technical, operational, and business aspects to being non-local /
community / political decisions.
Instead, of course, we have very messy BGP configurations.
These stemmed, in part, from the early BGP implementations using the
full AS path *length* as the de-facto "metric".
That was implementable, but obviously resulted in weak selections of
inter-AS routes. The patches to BGP to ameliorate this weakness are
perhaps both regrettable and inevitable.
On 2/10/13 8:57 PM, Noel Chiappa wrote:
> > From: Tony Li <tony.li at comcast.net>
> >>> The transition was more in the '91-'93 window. The urgency to publish
> >>> the RFC was far lower than the need to have working code and a
> >>> working network.
> >> Are you talking about the transition to BGP-4, or the transition to
> >> BGP?
> > The transition to BGP.
> Ah, OK. But the BGP-3 spec came out in October '91, so it seems the specs
> didn't lag as much as you seem to be indicating it did?
> (There was also a version of the BGP spec which came out in June 1990 -
> RFC-1163 - which doesn't have a number on it, but that must have been BGP-2,
> although I'm not sure that term was ever used.)
> >>>> Was the shutdown of the ARPAnet a big factor?
> >>> Absolutely.
> >> I'm trying to see how this can be?
> > Recall that with the ARPAnet, we were all directly homed to 14/8 (and =
> > 10/8 for MILnet).
> ??? The ARPANET was 10/8, and the MILNET 26/8? 14.8 was the global X.25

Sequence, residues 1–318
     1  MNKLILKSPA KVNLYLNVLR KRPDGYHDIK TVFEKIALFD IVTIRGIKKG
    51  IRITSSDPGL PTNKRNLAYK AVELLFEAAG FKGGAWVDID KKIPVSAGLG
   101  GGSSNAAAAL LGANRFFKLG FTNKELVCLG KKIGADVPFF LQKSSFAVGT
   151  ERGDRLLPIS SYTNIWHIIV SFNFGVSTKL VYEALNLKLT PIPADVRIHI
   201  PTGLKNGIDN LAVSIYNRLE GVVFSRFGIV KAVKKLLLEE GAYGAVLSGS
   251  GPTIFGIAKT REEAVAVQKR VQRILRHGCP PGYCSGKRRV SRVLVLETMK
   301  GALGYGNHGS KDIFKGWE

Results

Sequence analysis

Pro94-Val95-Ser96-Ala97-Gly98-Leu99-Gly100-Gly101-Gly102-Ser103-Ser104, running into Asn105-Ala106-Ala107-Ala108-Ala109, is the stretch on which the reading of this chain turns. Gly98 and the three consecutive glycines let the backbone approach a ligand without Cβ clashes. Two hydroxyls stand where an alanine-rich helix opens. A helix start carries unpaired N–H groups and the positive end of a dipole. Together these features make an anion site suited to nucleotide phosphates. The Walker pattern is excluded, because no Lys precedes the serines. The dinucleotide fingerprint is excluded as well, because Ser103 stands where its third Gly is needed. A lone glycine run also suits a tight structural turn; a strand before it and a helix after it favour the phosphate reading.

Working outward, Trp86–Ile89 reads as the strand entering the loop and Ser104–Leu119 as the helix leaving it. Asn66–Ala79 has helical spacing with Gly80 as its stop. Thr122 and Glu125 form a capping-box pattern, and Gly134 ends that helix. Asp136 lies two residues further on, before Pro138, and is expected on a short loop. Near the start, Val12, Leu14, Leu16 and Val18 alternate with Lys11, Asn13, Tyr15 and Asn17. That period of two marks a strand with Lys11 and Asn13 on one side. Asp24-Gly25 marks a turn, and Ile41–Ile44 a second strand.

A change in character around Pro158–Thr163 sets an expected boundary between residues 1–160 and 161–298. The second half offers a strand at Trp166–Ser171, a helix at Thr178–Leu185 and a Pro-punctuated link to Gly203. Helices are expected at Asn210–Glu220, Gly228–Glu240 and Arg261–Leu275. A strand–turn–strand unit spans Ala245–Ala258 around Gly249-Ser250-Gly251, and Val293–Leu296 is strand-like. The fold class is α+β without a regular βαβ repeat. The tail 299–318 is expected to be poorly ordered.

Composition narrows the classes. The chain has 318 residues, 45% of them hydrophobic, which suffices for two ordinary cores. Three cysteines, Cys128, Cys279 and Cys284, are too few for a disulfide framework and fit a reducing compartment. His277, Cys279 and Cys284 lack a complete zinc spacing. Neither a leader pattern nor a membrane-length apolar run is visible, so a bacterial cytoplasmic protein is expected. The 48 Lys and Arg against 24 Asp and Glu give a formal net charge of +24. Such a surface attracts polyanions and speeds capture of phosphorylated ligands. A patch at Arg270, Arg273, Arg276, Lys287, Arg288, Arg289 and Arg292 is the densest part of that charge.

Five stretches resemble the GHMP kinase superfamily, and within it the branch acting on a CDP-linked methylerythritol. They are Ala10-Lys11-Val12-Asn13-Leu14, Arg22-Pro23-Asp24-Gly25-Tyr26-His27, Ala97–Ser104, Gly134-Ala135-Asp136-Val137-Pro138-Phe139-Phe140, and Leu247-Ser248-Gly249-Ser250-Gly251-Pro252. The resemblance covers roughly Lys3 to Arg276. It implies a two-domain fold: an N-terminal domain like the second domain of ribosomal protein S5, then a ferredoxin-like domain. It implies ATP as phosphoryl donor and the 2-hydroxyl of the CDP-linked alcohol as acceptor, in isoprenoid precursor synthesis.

> > Shutting down the ARPAnet is what triggered the creation of NSFnet,
> > which in turn resulted in the NSFnet regional networks.
> > ...
> > NSFnet would not have been necessary except for the planned
> > decommissioning of ARPAnet.
> Ah, now I see what your reasoning is. However, I'm not sure this is what
> The 56KB NSFNET was started in 1985 (I remember the Proteon/Cisco/Fuzzball
> selection meeting), and entered service early in 1986. However, the decision
> to shut down the ARPANET was made by Mark Pullen, who came to DARPA in 1987.
> Likewise, the first regionals were started before 1987. IIRC, NYSRENET and
> SURANET were both started before then.
> Yes, the availability of the NSFNET and regionals allowed Mark to 'pull the
> plug' on the ARPANET - but the evolution of the Internet to a
> 'multi-backbone' system was already underway when he did so - and, in fact,
> it was inevitable.
> Remember, use of the ARPANET was restricted to people with a DoD/DoE/NASA
> contract/connection, whereas NSF wanted to make their network accessible to
> everyone: that was the reason behind CSNET (in the early 1980s) and the
> 56K-phase NSFNET. In addition, as I indicated previously:
> >> Simply speeding up the ARPANET, to avoid the growt of the alternate
> >> backbones, was not an option. The ARPANET's whole architecture was
> >> just not suitable for high speeds. In particular, the
> >> 8-outstanding-packet limit [per 'link'] would have been a killer -
> >> particularly as all IP traffic shared one 'link'.)
> So, again, I'm not sure the shutdown of the ARPANET was that important an
> influence in the evolution of the Internet.
> BTW, there's a nice site with a bunch of presentations on it:
> about the background to, and the history of, the NSFNet, and also some of the
> regionals. One of the sessions:
> includes a presentation by Yakov giving the early history of BGP. (Maybe this
> is the same thing as the YouTube thingy?)